Pop Art Pioneer James Rosenquist’s Vibrant Prints Are Headed for the Auction Block

Phillips wants to re-introduce art collectors to one of Pop Art's leading artists.

Tomato sauce and atomic bombs collide in the work of the late artist James Rosenquist, whose collage paintings and prints helped define the Pop Art movement.

Four colorful prints placed together
James Rosenquist, F-111, 1974 Courtesy Phillips

While lesser known than Pop Art contemporaries like Andy Warhol and Roy Lichtenstein, Rosenquist’s legacy positions him as one of the great pioneers of the revolutionary movement, and in February, more than fifty prints created over the course of a decades-long career will be auctioned off by Phillips in the Works from the James Rosenquist Estate sale.

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It’s the largest sale of Rosenquist’s prints to date. A two-week-long public exhibition at Phillips ahead of the Feb. 15 auction will showcase the artwork, much of which was included in retrospectives at the Guggenheim and Cologne’s Museum Ludwig in 2003 and 2017 respectively, alongside source collages on loan from Rosenquist’s estate.

Print showing spaghetti in red sauce
James Rosenquist, Spaghetti, 1970. Courtesy Phillips

Rosenquist, who died in 2017, was born in North Dakota and moved to New York in the 1950s to study at the Arts Students League. He’d eventually draw inspiration from his early career in commercial sign painting, which informed both the capitalistic elements and domestic motifs found in much of his artwork.

Spaghetti, for example, was a common subject in his prints and paintings, appearing in several and even starring in his 1970 piece Spaghetti. While the artist was partial to the cheap meal, he also considered it “a manifestation of pure color and form,” according to Phillips.

Despite being frequently lumped in with other Pop Art figures like Warhol and Lichtenstein, Rosenquist maintained that the three emerged separately. “They call me a Pop artist because I use recognizable imagery. The critics like to group people together,” he said in a 2008 interview.

Print showing various lipstick cases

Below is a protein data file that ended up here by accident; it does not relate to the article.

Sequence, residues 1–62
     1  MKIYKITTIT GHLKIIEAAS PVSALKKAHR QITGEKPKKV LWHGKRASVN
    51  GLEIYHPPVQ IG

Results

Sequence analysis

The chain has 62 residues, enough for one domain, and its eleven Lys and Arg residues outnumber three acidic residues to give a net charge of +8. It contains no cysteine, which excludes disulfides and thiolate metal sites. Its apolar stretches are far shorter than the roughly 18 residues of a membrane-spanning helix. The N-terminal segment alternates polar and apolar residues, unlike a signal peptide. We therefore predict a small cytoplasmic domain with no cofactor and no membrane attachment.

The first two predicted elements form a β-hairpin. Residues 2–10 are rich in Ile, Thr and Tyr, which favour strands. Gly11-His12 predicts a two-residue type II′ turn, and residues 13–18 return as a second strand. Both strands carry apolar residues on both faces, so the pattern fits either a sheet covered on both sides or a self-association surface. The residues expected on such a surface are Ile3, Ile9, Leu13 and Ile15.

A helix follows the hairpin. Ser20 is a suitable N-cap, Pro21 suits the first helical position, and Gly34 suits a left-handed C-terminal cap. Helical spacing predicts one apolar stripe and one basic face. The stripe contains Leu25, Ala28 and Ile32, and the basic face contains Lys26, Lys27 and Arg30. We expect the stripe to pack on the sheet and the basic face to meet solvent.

James Rosenquist, House of Fire, 1989. Courtesy Phillips

Innovation in the world of printmaking

Rosenquist’s later work took on elements of surrealism as the artist became interested in themes like nature and technology. He also began to dabble in the art of printmaking, as evidenced by the Welcome to Water series he worked on in the late 1980s while spending time with Ken Tyler of Tyler Graphics. His subsequent large-scale prints were a product of experimentation with new paper pulp, stencils and lithographic collages, and their creation required the production of new paper-making machinery and systems.

Phillips will offer a selection of prints from the series, including the 1989 Time Door D’Or and The Bird of Paradise Approaches the Hot Water Planet, which have respective high estimates of $15,000 and $12,000.

The artist additionally voiced concerns about social and political issues in works like his famed F-111 painting. The piece, currently at the Museum of Modern Art, spans 86 feet and features images of bomber planes, mushroom clouds, beach umbrellas and, of course, spaghetti. Created in response to U.S. militarism, a print edition of the work will be sold in the Phillips auction and is expected to fetch between $30,000 and $50,000. The print is divided into four sections, each named after the direction of the wall in Leo Castelli’s gallery where the painting was originally hung.

Phillips estimates the Rosenquist print auction will bring in between $265,000 and $410,000 and expects it will bring more attention to the sometimes overlooked artist. “It’s exciting to introduce these prints to a new group of collectors who are discovering Rosenquist for the first time and re-introduce him in this robust context to seasoned collectors and scholars,” said Cary Leibowitz and Kelly Troester, worldwide co-heads of editions at Phillips, in a joint statement.

Pop Art Pioneer James Rosenquist’s Vibrant Prints Are Headed for the Auction Block